Tuesday, December 27, 2016

Physical exercise before pregnancy helps the development of mouse embryos produced in vitro.

Physical exercise before pregnancy helps the development of mouse embryos produced in vitro.

Mitochondrion. 2016 Dec 22;:

Authors: Xu WH, Wu H, Xia WL, Lan H, Wang Y, Zhang Y, Hua S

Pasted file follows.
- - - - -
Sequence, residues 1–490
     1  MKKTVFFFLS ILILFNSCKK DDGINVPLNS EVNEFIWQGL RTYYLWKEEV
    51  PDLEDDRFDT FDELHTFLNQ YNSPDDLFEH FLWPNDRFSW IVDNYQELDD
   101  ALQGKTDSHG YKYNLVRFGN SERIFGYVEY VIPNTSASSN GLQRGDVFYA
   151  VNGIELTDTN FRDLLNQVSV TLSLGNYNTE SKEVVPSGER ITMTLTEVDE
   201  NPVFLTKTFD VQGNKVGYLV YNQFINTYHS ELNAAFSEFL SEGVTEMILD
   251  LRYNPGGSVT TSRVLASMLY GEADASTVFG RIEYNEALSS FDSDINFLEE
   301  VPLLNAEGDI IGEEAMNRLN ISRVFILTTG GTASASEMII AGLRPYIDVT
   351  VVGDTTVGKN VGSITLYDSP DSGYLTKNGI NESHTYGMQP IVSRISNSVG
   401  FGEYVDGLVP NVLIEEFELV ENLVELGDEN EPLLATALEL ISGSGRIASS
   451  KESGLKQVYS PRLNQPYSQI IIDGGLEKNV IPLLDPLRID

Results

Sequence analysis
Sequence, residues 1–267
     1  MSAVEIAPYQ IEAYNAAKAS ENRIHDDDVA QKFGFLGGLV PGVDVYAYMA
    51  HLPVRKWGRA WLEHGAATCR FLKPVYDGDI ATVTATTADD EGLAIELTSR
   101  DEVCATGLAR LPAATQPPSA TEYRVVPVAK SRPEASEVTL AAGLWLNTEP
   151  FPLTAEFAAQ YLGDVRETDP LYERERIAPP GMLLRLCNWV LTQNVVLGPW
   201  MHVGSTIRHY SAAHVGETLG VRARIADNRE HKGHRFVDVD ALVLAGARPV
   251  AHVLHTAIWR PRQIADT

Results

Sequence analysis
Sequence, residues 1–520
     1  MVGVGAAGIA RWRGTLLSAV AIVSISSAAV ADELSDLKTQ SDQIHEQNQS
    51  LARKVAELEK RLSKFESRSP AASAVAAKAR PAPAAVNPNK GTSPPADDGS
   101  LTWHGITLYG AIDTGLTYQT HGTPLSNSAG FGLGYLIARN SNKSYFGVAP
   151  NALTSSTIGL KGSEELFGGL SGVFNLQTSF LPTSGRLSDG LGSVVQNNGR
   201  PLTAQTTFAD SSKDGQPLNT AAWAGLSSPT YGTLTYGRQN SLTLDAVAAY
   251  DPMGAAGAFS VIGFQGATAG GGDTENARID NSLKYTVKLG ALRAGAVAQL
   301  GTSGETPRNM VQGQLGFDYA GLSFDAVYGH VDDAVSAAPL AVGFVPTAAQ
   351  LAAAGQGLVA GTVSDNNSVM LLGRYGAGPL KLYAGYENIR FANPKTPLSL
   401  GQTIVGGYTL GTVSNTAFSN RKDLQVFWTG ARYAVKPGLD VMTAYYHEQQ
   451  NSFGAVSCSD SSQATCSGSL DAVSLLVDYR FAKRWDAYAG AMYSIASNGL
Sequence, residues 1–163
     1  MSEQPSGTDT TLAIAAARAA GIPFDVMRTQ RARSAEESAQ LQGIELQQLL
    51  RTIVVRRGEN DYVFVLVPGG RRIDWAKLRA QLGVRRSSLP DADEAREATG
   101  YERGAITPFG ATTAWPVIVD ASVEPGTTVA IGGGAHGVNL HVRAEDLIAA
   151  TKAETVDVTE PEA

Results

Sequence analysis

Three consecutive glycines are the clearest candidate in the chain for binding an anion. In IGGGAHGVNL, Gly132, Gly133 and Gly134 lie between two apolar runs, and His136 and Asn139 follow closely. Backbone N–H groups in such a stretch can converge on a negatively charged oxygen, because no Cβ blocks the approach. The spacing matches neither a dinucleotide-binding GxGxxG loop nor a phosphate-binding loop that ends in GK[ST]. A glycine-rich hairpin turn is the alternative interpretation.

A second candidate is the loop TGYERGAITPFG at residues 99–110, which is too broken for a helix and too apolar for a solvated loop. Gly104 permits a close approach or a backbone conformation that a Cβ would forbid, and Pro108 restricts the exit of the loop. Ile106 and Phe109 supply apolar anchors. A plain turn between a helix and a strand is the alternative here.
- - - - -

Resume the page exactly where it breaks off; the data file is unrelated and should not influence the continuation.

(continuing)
Effects of pre-gestational physical activity on the later development of embryos generated in vitro were evaluated. Kunming mice were divided into two groups, namely exercised and unexercised, with the former undergoing physical training on a motor-driven leveled treadmill over a period of 4weeks (5days/week and 60min/day). After that, following superovulation, collection of oocytes from both groups was performed for in vitro fertilization (IVF) and somatic cell nuclear transfer (SCNT). Notably and specifically, natural mating between the unexercised mice was also done for in vivo fertilization (IVIF). Observation on the preimplantation embryo development showed that SCNT embryos from exercised group (NEM) had significant higher rates of cleavage and formation of blastocyst containing more blastomeres compared to SCNT embryos from unexercised group (NCM); while IVF embryos in exercised group (FEM) showed a significant higher rate of cleavage and blastocyst formation. Further analysis of embryos from the trained group on the molecular level demonstrated a prominent increase in terms of ATP levels, mitochondria membrane potential (Δψm) and mtDNA copy number and an obvious decrease in H2O2 concentration than those from the respective control group. Meanwhile, epigenetically, methylation levels of CpG sites on imprinting control regions of imprinted genes (Igf2, Igf2r, Meg 3 and H19) in the NEM embryos were normalized in exercise groups compared to the NCM embryos, which were comparable to the in vivo-derived embryos. Moreover, global DNA and histone methylation (H3K4m2, H3K9m3 and H3K36m) further confirmed that NEM-derived embryos and in vivo-derived ones stay in the same cluster, indicating that physical activity in pre-pregnancy facilitates the maintenance of epigenetic modifications. Generally, these results strongly suggest that physical exercise before pregnancy is in favor of the later embryo development.


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